Transterrestrial Musings  

Amazon Honor System Click Here to Pay

Alan Boyle (MSNBC)
Space Politics (Jeff Foust)
Space Transport News (Clark Lindsey)
NASA Watch
NASA Space Flight
Hobby Space
A Voyage To Arcturus (Jay Manifold)
Dispatches From The Final Frontier (Michael Belfiore)
Personal Spaceflight (Jeff Foust)
Mars Blog
The Flame Trench (Florida Today)
Space Cynic
Rocket Forge (Michael Mealing)
COTS Watch (Michael Mealing)
Curmudgeon's Corner (Mark Whittington)
Selenian Boondocks
Tales of the Heliosphere
Out Of The Cradle
Space For Commerce (Brian Dunbar)
True Anomaly
Kevin Parkin
The Speculist (Phil Bowermaster)
Spacecraft (Chris Hall)
Space Pragmatism (Dan Schrimpsher)
Eternal Golden Braid (Fred Kiesche)
Carried Away (Dan Schmelzer)
Laughing Wolf (C. Blake Powers)
Chair Force Engineer (Air Force Procurement)
Saturn Follies
JesusPhreaks (Scott Bell)
The Ombudsgod
Cut On The Bias (Susanna Cornett)
Joanne Jacobs

Site designed by

Powered by
Movable Type
Biting Commentary about Infinity, and Beyond!

« Continue forward | Main | Spaceship Enterprise »

On Federalism

Fred Thompson has a long essay. I like it. I hope that he can force a debate on actual constitutional principles (something that most Republicans seem quite out to sea on these days).

Posted by Rand Simberg at July 28, 2007 10:06 AM
TrackBack URL for this entry:

Listed below are links to weblogs that reference this post from Transterrestrial Musings.

It's lip service, Rand. The Government formerly known as federal has accreted onto itself plenary taxing and regulatory authority that makes almost everything fair game and the economics of representation puts all power up for sale. Dismantling it will take a Constitutional amendment which includes substantial payoffs for the (primarily small-state) beneficiaries of the current central regulation, and tax and spend regimes.

One stop-gap is to vote a 60% cloture rule for the House. But it takes a far-sighted majority party to extend to those across the aisle veto power.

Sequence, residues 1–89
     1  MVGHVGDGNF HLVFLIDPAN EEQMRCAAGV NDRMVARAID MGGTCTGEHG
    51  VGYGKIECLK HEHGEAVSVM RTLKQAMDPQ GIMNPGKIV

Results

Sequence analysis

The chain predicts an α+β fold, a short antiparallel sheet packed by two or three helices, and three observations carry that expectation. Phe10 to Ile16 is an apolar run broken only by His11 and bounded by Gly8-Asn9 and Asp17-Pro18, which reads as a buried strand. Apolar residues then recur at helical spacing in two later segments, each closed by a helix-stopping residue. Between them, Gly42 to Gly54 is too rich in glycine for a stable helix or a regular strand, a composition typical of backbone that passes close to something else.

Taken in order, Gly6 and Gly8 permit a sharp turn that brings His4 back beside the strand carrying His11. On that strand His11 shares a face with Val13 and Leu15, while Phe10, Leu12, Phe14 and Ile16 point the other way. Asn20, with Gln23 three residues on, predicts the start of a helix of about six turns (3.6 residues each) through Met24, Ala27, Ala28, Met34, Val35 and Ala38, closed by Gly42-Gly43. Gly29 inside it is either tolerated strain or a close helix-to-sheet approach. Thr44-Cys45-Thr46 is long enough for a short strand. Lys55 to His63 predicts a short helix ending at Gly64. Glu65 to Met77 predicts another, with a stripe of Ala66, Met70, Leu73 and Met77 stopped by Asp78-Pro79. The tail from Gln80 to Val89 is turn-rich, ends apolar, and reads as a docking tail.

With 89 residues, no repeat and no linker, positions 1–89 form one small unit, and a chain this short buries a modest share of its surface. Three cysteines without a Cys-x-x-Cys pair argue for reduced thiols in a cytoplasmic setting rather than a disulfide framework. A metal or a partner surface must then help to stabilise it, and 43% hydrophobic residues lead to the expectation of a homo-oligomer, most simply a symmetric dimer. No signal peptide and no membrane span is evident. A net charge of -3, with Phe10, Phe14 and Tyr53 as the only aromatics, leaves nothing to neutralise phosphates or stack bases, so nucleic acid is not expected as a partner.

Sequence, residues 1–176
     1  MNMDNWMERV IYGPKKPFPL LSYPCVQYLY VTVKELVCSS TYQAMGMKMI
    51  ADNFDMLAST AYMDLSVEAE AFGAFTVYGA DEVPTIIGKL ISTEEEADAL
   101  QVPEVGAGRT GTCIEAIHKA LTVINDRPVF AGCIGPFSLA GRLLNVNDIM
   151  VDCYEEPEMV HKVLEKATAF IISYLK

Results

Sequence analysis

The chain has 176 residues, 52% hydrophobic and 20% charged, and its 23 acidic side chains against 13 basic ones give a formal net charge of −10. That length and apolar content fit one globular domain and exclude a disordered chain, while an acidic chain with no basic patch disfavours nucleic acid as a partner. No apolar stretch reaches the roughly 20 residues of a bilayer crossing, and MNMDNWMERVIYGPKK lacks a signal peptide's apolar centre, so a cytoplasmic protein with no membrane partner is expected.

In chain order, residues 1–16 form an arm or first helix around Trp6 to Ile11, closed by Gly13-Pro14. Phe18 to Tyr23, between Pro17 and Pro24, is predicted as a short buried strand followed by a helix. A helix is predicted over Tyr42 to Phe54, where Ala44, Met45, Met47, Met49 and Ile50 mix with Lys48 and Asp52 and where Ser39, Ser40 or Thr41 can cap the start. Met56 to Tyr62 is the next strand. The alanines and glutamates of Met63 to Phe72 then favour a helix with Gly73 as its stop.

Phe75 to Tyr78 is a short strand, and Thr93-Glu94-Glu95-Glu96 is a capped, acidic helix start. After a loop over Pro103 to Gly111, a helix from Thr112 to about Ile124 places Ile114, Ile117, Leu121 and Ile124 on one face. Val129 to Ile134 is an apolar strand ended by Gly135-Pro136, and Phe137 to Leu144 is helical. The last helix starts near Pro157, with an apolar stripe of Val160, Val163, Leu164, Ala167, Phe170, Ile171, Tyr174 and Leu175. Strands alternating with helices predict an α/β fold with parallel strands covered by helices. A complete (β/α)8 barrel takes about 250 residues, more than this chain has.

A President can make the Government fairer and give those who want it smaller more say by vetoing every piece of legislation. I'd like to hear that as a platform from someone.

Posted by Sam Dinkin at July 29, 2007 10:44 AM

The problem could actually be solved with the appointment of judges to the courts (particularly the Supreme Court) that actually believe in the 10th Amendment. Unfortunately, even some of the so-called conservatives (e.g., Scalia and Thomas)on this bench are "fair-weather federalists," only liking it when it fits their own political predilections.

Posted by Rand Simberg at July 29, 2007 11:00 AM

Yes, the Court has reinvented federalism from time to time with family law and criminal law. It would be interesting to test term limits by making being a federal legislator too long a felony. It's more ill-weather federalism. If a judge is siding with the majority party in the central government, the judge tends to take a centralist stance. Supporting federalism requires taking a long term view that incorporates better governance when your party is out of power.

Posted by Sam Dinkin at July 30, 2007 11:51 AM

Dismantling it will take a Constitutional amendment which includes substantial payoffs for the (primarily small-state) beneficiaries of the current central regulation, and tax and spend regimes.

Or education of the American People. Educate the people and show them the history and the success of federalism and they will respond. This country was founded on people. Once educated and fired with passion, we become a force to be reckoned with.

Posted by Mac at July 31, 2007 05:39 AM

If you educate Americans, a sufficient minority to block passage will find it in their interest to do so without a payoff. The EU is having trouble finding a representation formula that will work for all parties. There is a reason for that. Representation along with unlimited tax and regulation authority leads to systematic large cash transfers to overrepresented districts.

Posted by Sam Dinkin at July 31, 2007 01:16 PM

Post a comment

Email Address: